Picture9
Main figures of the Euroméditerranée Source: Euroméditerranée presentation

Finally another important aspect is the financing of the project. The Support of the state is crucial in order make it viable, being in charge of 50% of the initial investment. The acquisition of the land is also made by a state agency, the établissement public foncier (EPF). The Euroméditerranée organization is in charge of managing the process between the land acquisition and the private development. The goal of the company, formed by several public partners, is not to make profit but to manage the operation and reinvest the gains in the city. The economic has proven successful since it has developed cautiously without creating an excess of plots for new buildings, or jeopardizing the operation during the crisis years. At the same time the new projects, whether they are for office or housing, are only allowed to proceed if they can assure the occupancy. This is also important since its avoids the creation of empty construction and the existence of negative degradation spirals.

Negotiation

When we asked the interviewees about the first phase of the negotiations both agreed that there were some initial difficulties. AS explained that there was a general misunderstanding about the scope of the Euroméditerranée. Many people and institutions thought that the goal was to push the port out of the city in order to get the access to the water and build several private marinas. This idea was also taken by the unions that fully rejected the plan even with protest, since it was seen as a threat to the port activities and, therefore, their jobs. RV and CH explained that for them was also not easy to explain the project to the port community since they also perceived the project as menace to their business. In an initial stage, as pointed by AS, the port was reticent to collaborate.

The new project demanded a serious reflection about the role of the port in the city. This necessary change in the general mindset happened along the negotiation process, particularly when the state directly pressured for an understanding. The agreement, in the early 2000´s, was only possible when the port administration and the port community were aware of the possible positive outcome. The deal was that the port territories would remain under their control, the industrial part of the port would remain active and that the other involved actors acknowledged the important role of the port in the urban economy. Another important factor was the fact that a solution was founded, which would allow the coexistence of certain port activities and urban ones. The port on his side should do two main things: first it should leave the space for the creation of the new boulevard du Littoral; second it should give the J4 quay for the development of the MUCEM and Villa Méditerranée. In exchange for the J4 area the port had to make a landfill and change the coast line nearby, between the J3 and J2.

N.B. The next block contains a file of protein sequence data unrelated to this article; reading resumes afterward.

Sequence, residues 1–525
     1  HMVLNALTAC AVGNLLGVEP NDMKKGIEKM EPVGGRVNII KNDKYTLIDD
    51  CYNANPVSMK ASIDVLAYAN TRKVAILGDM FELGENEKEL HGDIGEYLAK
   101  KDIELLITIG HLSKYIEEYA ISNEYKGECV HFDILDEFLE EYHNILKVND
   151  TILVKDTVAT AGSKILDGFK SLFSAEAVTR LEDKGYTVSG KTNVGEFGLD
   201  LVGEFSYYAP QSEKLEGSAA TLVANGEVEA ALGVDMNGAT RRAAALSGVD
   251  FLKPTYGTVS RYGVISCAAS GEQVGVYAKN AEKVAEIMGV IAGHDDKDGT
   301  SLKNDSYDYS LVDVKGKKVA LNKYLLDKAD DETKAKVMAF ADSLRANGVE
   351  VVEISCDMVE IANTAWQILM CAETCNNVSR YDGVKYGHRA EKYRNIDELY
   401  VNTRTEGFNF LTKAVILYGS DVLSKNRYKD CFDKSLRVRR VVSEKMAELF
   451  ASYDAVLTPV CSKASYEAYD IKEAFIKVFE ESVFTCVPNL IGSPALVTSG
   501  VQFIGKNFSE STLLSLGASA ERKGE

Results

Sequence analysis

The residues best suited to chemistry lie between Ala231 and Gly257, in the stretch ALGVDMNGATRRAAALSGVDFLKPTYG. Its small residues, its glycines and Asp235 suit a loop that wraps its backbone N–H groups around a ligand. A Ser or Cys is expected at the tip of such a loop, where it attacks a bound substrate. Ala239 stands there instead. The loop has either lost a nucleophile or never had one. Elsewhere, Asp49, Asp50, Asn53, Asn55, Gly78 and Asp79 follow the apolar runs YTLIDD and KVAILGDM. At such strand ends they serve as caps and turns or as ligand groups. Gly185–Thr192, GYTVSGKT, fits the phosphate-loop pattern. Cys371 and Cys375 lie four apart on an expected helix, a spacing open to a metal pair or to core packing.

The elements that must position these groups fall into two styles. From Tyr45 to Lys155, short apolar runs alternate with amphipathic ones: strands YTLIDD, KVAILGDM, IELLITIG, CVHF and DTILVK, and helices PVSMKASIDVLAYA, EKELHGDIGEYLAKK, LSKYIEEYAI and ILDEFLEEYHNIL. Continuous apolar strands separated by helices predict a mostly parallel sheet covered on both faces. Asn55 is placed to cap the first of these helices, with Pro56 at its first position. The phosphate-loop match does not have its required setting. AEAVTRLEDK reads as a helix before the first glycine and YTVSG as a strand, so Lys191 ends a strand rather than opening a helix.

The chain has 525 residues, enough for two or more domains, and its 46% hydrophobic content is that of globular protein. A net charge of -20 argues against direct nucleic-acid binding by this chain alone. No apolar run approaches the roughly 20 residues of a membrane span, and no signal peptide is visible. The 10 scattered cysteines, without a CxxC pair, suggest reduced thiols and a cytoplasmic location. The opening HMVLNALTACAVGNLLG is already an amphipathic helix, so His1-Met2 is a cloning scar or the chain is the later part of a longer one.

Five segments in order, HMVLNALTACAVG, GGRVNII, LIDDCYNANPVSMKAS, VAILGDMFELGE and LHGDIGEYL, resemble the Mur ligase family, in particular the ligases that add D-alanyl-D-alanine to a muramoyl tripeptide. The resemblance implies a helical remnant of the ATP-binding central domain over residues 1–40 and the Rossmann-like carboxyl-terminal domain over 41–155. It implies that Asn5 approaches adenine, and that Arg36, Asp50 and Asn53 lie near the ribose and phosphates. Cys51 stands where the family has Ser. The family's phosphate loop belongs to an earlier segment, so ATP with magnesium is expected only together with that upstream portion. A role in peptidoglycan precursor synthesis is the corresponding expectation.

City-Port Charter

The agreements aforementioned improved the cooperation and led to interesting mixed use projects and the City-Port Charter. This document, signed in 2013, was mainly the crystallization of the negotiation process described. One of the most positive aspects of this document is the fact is an official agreement, signed by eight stakeholders: the State (Bouches du Rhône prefecture) GPMM, Euroméditerranée, the PACA region, the county, the metropolitan area, The city of Marseille and the chamber of commerce. For this reason the compromise is clearer and stronger than other initiatives. In this new statement the importance of the port in the urban and regional economy was acknowledge and a commitment was made to respect its presence in the urban core, its East basin.

The City-Port Charter meant also the reorganization of the East basin until the year 2025 towards a new more compatible urban port. The port territory in Marseille was divided in three main areas: North, Center and South. In the North part, from the fishing dock until L´Estaque, the waterfront would be rearranged into a pole of leisure and tourism. The existing marinas would be maximized and some leisure facilities created. In the central area the industrial activities of the port would be respected and it would remain as closed area with no public access. The shipyards activities would be expanded with the reopening of the dry-dock 10, closed during recent years. The south part of the port would be dedicated to develop projects that allow compatible uses with the city. This change should allow a greater porosity and better access to the sea, although only visually. Example of this strategy are the Terrase du Port or Silo d´Arenc. Simultaneously the passenger and ferry activities within port territories would be reorganized. The terminals for the ships coming from countries outside the Schengen area would be placed in the central part and the ones coming from the EU would be relocated in the south part, where they could allow an easier access towards the sea.

Picture7
South part of the East Basin, where the relation between the port and the city will change the most Source: Euroméditerranée presentation

 

 

Representative projects of the new era

In the south part of the east basin, where the port and the Euroméditerranée meet is where we see some of the most innovative buildings of the plan, that represent the new stage of the relation between the actors.

Picture17
Main projects in the Euroméditerranée waterfront area Source: Euroméditerranée presentation